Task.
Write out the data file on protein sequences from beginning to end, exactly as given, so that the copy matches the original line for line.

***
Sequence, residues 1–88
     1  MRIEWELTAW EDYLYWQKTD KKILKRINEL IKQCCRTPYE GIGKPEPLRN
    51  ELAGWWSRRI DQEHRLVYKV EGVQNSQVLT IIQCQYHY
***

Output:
Sequence, residues 1–88
     1  MRIEWELTAW EDYLYWQKTD KKILKRINEL IKQCCRTPYE GIGKPEPLRN
    51  ELAGWWSRRI DQEHRLVYKV EGVQNSQVLT IIQCQYHY